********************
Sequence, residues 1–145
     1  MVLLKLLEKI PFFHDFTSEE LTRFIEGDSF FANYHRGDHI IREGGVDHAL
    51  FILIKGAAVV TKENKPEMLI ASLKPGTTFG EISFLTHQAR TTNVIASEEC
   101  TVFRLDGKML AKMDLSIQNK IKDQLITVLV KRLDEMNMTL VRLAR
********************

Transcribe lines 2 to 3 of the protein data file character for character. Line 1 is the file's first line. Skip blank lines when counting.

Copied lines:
     1  MVLLKLLEKI PFFHDFTSEE LTRFIEGDSF FANYHRGDHI IREGGVDHAL
    51  FILIKGAAVV TKENKPEMLI ASLKPGTTFG EISFLTHQAR TTNVIASEEC